How to use PESTLE analysis as a tool to help identify the external factors that can affect your business.
What is a PESTLE Analysis?
PESTLE analysis is a framework that can be used as a tool used to help identify the external factors that may affect a business or organisation and commonly presented as a six pillar structure.
These factors are:
- Political factors including tax policy, employment laws and environmental regulations.
- Economic factors that affect spending power, such as interest rates, inflation and exchange rates.
- Social factors include health consciousness, population growth rate and age distribution.
- Technological factors include the emergence of new technologies, R&D activity and automation.
- Legal factors include consumer laws, anti-discrimination laws and employment laws.
- Environmental factors include weather conditions and climate change.
The structure of a PESTLE allows you to easily view all of the key external factors influencing your business in one diagram.
What are the advantages of PESTLE?
PESTLE as a framework, has several advantages:
- It’s simple to understand and use
- There’s an easy process to follow through (see below)
- You can do it on your own, as a team in person, or as a group remotely
- It can provide a detailed but digestible view on the external factors
- It makes people look outward at the business environment
What are some of the limitations of PESTLE?
As with every tool, PESTLE has some limitations
- It is easy to be too broad or not factual enough, which will disrupt the PESTLE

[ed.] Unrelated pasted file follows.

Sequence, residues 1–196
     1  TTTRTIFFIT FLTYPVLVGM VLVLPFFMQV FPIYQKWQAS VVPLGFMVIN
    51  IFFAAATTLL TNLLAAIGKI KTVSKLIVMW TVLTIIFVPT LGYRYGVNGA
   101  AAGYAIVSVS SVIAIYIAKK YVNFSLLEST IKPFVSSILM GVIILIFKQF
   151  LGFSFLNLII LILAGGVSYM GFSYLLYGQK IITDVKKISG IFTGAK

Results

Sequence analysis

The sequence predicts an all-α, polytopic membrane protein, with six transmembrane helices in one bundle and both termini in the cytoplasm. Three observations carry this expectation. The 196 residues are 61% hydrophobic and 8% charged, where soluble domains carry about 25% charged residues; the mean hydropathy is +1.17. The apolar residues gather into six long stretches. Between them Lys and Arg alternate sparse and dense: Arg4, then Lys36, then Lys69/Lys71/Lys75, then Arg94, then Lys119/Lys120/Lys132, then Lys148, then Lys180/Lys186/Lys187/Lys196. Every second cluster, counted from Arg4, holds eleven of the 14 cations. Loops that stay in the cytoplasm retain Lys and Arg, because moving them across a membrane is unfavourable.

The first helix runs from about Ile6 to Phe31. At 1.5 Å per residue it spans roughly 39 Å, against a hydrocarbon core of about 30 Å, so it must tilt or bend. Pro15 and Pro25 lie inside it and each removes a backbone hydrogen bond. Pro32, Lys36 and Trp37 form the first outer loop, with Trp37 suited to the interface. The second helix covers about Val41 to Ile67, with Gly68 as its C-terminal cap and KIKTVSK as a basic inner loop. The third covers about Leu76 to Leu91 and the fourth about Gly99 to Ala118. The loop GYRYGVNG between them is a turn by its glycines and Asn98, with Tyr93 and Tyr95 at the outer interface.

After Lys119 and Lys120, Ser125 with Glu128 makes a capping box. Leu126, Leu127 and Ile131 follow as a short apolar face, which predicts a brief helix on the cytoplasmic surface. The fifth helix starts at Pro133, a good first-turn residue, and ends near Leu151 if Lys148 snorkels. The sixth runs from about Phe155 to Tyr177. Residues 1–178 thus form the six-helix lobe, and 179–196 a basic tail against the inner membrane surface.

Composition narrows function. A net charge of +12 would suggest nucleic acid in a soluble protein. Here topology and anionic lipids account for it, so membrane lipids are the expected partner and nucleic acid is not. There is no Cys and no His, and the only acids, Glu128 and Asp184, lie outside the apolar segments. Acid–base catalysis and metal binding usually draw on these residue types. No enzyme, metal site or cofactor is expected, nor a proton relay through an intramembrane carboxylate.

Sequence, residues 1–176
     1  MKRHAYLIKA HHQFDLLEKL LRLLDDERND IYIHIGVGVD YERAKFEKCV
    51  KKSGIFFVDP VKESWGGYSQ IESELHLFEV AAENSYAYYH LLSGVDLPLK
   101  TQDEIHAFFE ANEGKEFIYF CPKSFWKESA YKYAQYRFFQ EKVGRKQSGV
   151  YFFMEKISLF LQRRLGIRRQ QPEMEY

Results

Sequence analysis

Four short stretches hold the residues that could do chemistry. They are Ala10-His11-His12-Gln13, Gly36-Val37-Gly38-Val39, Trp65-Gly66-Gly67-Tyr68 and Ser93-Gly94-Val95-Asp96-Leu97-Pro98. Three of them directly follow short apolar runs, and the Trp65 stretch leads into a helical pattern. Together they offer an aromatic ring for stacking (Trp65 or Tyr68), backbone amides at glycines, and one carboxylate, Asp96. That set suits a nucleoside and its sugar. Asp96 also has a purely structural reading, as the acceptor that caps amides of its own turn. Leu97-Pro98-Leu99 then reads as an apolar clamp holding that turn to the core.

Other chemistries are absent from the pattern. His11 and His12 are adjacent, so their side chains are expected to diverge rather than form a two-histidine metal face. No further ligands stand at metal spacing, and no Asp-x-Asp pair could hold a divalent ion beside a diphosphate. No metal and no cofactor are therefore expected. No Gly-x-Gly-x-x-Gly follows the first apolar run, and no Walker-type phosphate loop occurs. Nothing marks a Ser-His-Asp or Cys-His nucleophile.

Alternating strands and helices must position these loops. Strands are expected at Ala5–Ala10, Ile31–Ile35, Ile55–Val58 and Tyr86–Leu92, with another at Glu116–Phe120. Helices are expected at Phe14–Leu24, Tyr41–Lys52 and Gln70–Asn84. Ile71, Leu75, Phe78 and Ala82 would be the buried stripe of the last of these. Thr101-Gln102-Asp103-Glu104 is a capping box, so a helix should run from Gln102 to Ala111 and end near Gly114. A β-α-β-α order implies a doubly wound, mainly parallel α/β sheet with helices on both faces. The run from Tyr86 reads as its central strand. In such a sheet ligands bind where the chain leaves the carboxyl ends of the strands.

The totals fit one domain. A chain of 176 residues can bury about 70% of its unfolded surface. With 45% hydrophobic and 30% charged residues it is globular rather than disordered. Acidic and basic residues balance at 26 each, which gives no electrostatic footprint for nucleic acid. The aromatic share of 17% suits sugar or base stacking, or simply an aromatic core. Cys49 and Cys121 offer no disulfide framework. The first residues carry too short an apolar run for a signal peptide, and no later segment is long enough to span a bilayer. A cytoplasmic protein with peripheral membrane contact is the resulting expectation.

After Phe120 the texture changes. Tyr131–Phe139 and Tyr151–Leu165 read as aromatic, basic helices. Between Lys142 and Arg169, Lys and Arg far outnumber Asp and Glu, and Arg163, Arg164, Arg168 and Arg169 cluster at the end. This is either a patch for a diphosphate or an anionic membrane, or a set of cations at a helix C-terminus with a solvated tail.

- It has high level detail on a lot of subjects, rather than in-depth analysis
- It doesn’t contain a way to weight the importance of the elements of the PESTLE
How do you make the most out of PESTLE?
A PESTLE can be one of the most insightful and detailed frameworks, helping you future proof and grow your business by being fully focused to the external environment.
There are two golden rules to follow before you begin your PESTLE:
- Prepare for the session by considering the topics listed in the below question
- Talk to your employees and get their thoughts on the business and environment
What prework should be done before a PESTLE?
Whilst no prework is required for a PESTLE, it is helpful to have knowledge of:
- Current client conditions – what trends impact your customers?
- What geography do you operate in and where are your customers?
- Find the latest news on your industry using a system like Google News
- Look at examples of recent sales wins and recent customer churns
- If possible, allocate each pillar of PESTLE to different managers to research in advance of the brainstorming session
- Any industry activity looking at tools like Crunchbase
If in a group, these can be shared via an email beforehand or presented on the day.
What’s the difference between LoNGPESTLE and PESTLE?
LoNGPESTLE is the same as PESTLE with an added dimension of Local, National and Global within each pillar, allowing you to classify entries by their geographic impact. You can find out more in our guide on LoNGPESTLE.
Who invented PESTLE?
The first concept of PESTLE, initially just PEST, is commonly cited to be Francis Aguilar who published a book in 1967 referring to ETPS.
What’s the best medium for PESTLE?
PESTLE works best when put together by a cross-disciplined team either physically or virtually. You need a mix of employees with different skills and market knowledge to ensure you capture all aspects of the pillar.
What is an example PESTLE?
Many example PESTLEs can be found in the Lucidity tool such as:
How often is PESTLE updated?
It is best practise to review your PESTLE on an annual basis, this helps provide you with the ever changing landscape you operate in and keeps all employees looking outward when making their decisions.
Where can I find a guide to completing a PESTLE?
You can check out our guide to completing a PESTLE or view the video below.
Where can I find out more information on PESTLE?
You can check out the Ultimate Guide to PESTLE Analysis to find tips, examples, how-tos and more! 🙌